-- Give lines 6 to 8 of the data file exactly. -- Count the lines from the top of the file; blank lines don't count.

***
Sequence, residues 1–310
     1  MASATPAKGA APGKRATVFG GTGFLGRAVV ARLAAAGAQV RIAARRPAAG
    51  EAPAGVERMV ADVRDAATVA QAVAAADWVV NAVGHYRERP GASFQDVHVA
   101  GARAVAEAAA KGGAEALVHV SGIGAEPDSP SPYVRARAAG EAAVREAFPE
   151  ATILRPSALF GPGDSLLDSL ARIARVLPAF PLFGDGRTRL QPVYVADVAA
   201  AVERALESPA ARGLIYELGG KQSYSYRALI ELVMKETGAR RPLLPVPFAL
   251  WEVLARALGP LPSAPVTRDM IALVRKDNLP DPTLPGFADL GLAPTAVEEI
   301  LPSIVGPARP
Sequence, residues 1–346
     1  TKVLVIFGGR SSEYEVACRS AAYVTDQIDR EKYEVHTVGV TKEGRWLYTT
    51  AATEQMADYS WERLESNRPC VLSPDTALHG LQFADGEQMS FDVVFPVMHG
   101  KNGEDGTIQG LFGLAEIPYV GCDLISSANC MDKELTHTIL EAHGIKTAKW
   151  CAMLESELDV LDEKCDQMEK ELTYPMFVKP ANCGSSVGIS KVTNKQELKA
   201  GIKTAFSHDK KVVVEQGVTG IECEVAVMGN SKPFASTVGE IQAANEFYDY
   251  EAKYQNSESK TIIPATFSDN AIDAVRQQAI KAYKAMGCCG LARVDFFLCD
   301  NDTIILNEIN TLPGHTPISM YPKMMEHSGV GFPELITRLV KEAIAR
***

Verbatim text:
   201  AVERALESPA ARGLIYELGG KQSYSYRALI ELVMKETGAR RPLLPVPFAL
   251  WEVLARALGP LPSAPVTRDM IALVRKDNLP DPTLPGFADL GLAPTAVEEI
   301  LPSIVGPARP